Illness or weakness is another situation that will reduce anyone’s ability to stay upright. (This is why people of all ages are prone to fall in the hospital.) But of course, older adults often have many other things going on which affect their ability to stay on their feet.
4 Steps to Reduce Fall Risk
Falls in older people are almost always “multifactorial.” This means there are usually several factors that are contributing to a fall, or to a person’s fall risk.
It can be hard to try to address every single factor. And some, such as slower reflexes, may be impossible to reverse.
Still, it’s often useful to go through them and try to spot a few that are either easy to fix, or potentially offer a big reduction in fall risk.
As a geriatrician, here’s what I do:
- Create a list of factors contributing to an individual older person’s fall risk.
- Identify risk factors and triggers related to recent or recurrent falls.
- Identify the factors that are easiest to modify or change. This is partly about the factor itself, and partly about what’s feasible for my patient to try to change. (Stairs can be a risk, but changing houses can be tricky.)
- Implement practical strategies to address modifiable fall risk factors.
3 types of fall risk factors you should consider
I also find it helpful to think of the factors as belonging to one of three categories:
- Health-based risks. This includes things like balance problems, weakness, chronic illnesses, vision problems, and medication side-effects. They are specific to an individual person.
- Environmental risks. These are things like home hazards (e.g. loose throw rugs), outside hazards (e.g. icy sidewalks), or risky footwear (e.g. high heels). This category can also include improper use of a walker, cane, or other assistive device.
- Triggers: These are the sudden or occasional events that cause a challenge to balance or strength. They can be things like a strong dog pulling on the leash, or even health-related events like a moment of low blood sugar (hypoglycemia) in a person with diabetes.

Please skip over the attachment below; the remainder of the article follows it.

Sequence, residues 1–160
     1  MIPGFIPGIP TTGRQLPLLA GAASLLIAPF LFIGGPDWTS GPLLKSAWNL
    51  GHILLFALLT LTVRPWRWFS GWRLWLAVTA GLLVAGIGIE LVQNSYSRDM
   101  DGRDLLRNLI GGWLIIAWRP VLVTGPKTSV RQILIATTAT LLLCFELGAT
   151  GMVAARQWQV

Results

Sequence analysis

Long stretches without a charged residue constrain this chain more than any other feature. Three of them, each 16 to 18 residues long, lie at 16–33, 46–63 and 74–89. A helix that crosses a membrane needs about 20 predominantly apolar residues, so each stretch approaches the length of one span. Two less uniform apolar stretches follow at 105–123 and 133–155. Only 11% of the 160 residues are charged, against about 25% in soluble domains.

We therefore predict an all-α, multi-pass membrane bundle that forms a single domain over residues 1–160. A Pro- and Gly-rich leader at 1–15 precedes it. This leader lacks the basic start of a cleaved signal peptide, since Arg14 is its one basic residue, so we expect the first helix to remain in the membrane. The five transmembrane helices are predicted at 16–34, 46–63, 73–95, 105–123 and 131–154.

Now, you will probably find it hard to make a list of all these factors on your own. The health-based factors, in particular, tend to be closely related to medical problems; they can be hard to properly sort out unless you’ve learned a lot about medicine.
Still, I encourage older adults and family caregivers to learn to think about fall risk factors, since I feel this can help people get better at asking their doctors the right questions.
Below are slides from a talk I’ve given, on how older adults can reduce their fall risk:
Example: Why is Mr. Jones falling?
Let’s consider an example together, to illustrate how you can put this understanding to work.
Mr. Jones is 82 years old. He lives at home with his wife, and takes a daily walk in his neighborhood. He has had diabetes for a long time, and has chronic numbness in his feet. He is on medication for diabetes, high blood pressure, and also uses Tylenol PM.
His daughter Wendy subscribes to a newsletter about better health for aging parents, and she recently read the CDC’s fact sheet on how important fall prevention is. She would like to keep her father from falling.
What should Wendy do? As I mentioned earlier, the usual recommendations to lower fall risk are a good place to start. So Wendy could encourage her father to remain physically active, and she might want to take a closer look at the house to remove common trip hazards.
She might also want to help him get evaluated for vision problems and for low leg strength, since these are common fall risk factors among people Mr. Jones’ age. Furthermore, diabetes can cause or worsen vision problems.